I have always taken the literal meaning of values to be just that — that which we value.  What may be valuable to one person may be trash to another.  These are the foundation of our personal beliefs.. be it God, Family, or the more wordly values such as money, possessions, etc. 

To some people, career may take precedence over family, hence you see successful men and women without a partner in life, or even if they are blessed with a significant other, without children.  I do not judge them as misguided — they have simply set their priorities right depending on what they value as more important in life.

We have heard all too often about people not knowing what they have until they lose it.  Sometimes, when people provide for us as our parents did when we were children, we fail to realize how expensive it can be to sustain a certain lifestyle once we start paying our way.

I am not a stingy person.  In fact I have been told I am generous to a fault.  I spend lavishly when I have the money on the things and people that matter to me.  Yet as a working professional, I have been careful to spend wisely.  You will not see me walking dressed in a $500 ensemble — but I do have my little treasures and precious finds.  I wouldn’t mind purchasing a $200 pair of boots, but I will buy it when it goes on sale for a quarter of that price. 

As the one in charge of the pantry back home, I do not scrimp on quality nor quantity with the food I serve in my house.  The only budgetting I do is on calories, hence all the diet food and healthy food as against the “real” but calorie-laden goodies.  My personal motto is I don’t really care how much a person eats, just as long as one does not waste food.

As a child, I, too, hated eating the crust of sliced bread — and until now, it isn’t my favorite portion of a sandwich.  So what I have learned to do is eat the crust first, then save the good portion, the center, for last — this came much later in life, though.  When I was younger, to minimize waste, I cut the crust with a knife like some restaurants did back then.  So when the 15 year old started ripping the crust off his bread, I understood why he didn’t like the crust.  What I couldn’t understand was why he was throwing away practically half the slice, tearing the crust so far into the slice.  I tried to give him a solution, there’s hotdog bread (potato bread at that!) which doesn’t have a crust — that one would be easier for him to attack.

One practice my mother ingrained in me was to finish whatever it is I ate.  I didn’t have to lick the plate clean, but waste was a no-no in the house I grew up in.  She also told us to finish any open food before opening another treat — be it candy, chocolate, ice cream, milk or simply soda.  It makes good sense.  It prevents waste.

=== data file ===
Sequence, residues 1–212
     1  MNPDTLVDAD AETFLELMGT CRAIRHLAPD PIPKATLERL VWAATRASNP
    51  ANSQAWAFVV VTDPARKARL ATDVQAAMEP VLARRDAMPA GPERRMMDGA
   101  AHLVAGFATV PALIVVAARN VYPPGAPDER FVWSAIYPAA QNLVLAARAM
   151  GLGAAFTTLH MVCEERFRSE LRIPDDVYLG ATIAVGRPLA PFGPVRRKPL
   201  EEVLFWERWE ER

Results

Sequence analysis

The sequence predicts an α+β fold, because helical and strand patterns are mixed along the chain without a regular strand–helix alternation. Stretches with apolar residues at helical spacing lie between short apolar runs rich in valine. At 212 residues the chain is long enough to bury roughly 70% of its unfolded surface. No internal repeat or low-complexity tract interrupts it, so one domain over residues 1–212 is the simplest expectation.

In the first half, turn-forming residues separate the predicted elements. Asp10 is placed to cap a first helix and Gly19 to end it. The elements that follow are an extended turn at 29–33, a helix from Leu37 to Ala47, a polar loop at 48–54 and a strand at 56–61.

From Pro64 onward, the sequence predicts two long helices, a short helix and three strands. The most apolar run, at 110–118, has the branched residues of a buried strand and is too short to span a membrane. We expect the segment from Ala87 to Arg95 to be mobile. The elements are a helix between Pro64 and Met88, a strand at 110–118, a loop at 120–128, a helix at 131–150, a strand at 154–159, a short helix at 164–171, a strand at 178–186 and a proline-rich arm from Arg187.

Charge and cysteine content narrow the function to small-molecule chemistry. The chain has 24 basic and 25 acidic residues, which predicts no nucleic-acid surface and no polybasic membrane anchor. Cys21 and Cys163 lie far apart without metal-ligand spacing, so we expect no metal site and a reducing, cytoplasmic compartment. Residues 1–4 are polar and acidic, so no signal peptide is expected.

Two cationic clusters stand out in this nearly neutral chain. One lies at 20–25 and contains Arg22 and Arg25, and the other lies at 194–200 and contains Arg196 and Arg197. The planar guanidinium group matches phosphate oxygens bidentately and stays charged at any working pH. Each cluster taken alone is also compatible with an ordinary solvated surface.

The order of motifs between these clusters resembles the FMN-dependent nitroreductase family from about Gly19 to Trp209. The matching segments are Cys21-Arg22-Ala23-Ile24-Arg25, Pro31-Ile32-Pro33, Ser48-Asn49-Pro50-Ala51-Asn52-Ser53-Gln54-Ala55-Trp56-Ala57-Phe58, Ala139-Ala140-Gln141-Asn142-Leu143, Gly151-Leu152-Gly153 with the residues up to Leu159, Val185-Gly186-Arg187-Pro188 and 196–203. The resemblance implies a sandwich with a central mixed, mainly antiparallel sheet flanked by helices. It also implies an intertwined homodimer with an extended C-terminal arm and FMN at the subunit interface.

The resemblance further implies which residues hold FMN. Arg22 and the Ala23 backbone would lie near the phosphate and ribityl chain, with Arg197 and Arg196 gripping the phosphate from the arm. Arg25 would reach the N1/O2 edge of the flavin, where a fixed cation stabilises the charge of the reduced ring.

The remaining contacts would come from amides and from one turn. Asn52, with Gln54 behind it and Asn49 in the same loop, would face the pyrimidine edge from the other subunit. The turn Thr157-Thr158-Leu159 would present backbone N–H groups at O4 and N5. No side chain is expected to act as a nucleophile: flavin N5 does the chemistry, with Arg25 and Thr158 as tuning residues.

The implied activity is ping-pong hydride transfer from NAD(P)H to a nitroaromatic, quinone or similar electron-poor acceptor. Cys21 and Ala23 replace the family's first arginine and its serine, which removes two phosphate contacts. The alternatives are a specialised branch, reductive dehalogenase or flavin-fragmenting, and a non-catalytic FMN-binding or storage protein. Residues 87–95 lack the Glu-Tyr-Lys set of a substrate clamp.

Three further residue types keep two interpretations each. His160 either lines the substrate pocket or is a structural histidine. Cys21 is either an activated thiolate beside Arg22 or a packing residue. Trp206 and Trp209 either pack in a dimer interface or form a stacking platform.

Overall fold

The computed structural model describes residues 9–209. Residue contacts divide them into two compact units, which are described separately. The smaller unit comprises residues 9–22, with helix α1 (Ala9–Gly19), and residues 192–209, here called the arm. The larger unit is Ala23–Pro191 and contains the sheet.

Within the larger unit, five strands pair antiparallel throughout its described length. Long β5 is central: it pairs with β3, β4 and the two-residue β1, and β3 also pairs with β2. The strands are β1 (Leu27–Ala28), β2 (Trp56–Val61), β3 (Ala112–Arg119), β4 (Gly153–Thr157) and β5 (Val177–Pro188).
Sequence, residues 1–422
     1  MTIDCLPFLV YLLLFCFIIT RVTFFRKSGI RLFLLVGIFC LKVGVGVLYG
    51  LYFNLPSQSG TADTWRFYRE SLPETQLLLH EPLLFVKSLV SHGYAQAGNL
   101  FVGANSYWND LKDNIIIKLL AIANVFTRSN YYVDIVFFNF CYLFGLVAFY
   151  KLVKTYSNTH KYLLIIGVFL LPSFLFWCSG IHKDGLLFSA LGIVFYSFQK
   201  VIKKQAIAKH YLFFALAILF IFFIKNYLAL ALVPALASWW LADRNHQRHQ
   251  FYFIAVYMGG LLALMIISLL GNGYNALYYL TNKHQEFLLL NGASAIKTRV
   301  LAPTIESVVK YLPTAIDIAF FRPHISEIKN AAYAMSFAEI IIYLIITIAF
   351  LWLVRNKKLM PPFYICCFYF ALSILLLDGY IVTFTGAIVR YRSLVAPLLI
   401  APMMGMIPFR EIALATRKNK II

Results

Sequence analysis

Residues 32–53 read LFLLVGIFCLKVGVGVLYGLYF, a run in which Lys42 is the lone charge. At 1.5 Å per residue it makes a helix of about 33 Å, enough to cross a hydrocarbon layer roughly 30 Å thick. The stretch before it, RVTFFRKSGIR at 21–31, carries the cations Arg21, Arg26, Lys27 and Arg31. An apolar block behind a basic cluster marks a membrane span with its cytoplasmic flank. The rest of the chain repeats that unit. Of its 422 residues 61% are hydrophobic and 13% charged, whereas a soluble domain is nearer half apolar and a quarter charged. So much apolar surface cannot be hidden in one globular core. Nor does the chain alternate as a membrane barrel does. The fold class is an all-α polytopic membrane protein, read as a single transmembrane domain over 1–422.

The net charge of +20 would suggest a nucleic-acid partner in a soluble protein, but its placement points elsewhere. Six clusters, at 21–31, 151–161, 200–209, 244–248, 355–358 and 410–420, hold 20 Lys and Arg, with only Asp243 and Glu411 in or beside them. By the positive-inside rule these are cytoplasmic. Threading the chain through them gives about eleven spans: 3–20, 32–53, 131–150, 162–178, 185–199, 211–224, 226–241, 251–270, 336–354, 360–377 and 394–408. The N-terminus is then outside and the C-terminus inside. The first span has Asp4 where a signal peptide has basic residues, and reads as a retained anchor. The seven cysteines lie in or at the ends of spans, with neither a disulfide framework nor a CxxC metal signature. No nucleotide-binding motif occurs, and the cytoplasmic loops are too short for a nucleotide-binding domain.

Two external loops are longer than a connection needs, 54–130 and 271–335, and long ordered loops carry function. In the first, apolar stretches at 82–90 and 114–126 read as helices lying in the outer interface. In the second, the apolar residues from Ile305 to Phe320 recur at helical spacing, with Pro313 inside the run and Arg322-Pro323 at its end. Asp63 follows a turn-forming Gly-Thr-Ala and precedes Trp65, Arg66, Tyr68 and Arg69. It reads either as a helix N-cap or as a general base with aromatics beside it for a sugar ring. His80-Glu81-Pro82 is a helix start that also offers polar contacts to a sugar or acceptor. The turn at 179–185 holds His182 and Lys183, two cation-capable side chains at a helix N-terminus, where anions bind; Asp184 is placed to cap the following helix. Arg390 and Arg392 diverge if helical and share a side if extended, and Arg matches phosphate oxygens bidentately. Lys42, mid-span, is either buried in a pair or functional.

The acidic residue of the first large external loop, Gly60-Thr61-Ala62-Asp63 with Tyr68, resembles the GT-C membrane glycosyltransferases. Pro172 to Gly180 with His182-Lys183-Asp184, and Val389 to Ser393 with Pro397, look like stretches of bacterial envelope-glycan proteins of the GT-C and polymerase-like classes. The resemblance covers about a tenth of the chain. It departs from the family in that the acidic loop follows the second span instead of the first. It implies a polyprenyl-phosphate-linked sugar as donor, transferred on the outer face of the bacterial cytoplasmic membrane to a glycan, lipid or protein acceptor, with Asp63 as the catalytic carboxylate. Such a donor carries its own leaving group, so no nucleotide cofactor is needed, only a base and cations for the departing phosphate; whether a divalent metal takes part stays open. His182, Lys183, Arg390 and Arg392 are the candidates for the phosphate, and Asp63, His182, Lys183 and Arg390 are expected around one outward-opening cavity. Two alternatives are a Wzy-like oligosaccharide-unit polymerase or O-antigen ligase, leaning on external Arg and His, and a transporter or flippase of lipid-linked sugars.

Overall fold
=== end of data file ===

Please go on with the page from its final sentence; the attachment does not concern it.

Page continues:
I always have a box of cereals at home.  The 15 year old can go through a large box in as fast as 3 days, because he eats it for breakfast and sometimes lunch.  (As I am not his mother, I have long ago accepted the fact that trying to correct his diet is not my prerogative.)  He is, after all, a growing boy.  I do not buy cereal at random, mind you, we always get what he wants.  The last time we asked, he asked for Cocoa Puffs which I got in a huge box.  Knowing that he was about to run out, I got a huge box of Cinnamon Toast Crunch last weekend, knowing that was his all time favorite. 

We have time and again told him to finish whatever is open first before opening the next.  Last night I realized he had opened the new one and the last one still had a full bowl’s serving.  So I casually reminded him he has to finish the last one first.  I was shocked to hear him say he was throwing it away because he didn’t want it anymore.  I took a deep breath feeling something creeping inside my head, getting ready to come out as a scream… I succeeded in keeping it in.  I took one of the cocoa puffs to see if it might’ve gone stale and might no longer be crunchy, but it was still good.  I asked him what was wrong — and again he said he didn’t want it anymore. 

I dread to think what would’ve happened to half the box if halfway through, he decided he didn’t want it anymore.  He would’ve thrown the box away.  All I could short of storming into my bedroom was to tell my husband mockingly that I guess it’s okay, after all, he’s a rich guy.

More than upset, I am just perplexed at the boy’s sense of the value of money.  He would often rip apart or break things he no longer needed even when others could enjoy them even if they had seen better days when he still found them worth toying with. 

Maybe we are trying to undo too much too soon.  I can only say my sense of worry stems from the fact that I know the 15 year old will be a presence in Angel’s life.  Molding a child’s personality is such a fragile task — you try but can only do so much, but you want to filter out the bad before it can corrupt his innocence.

One thing I know, Angel’s not going to throw away any good cereal.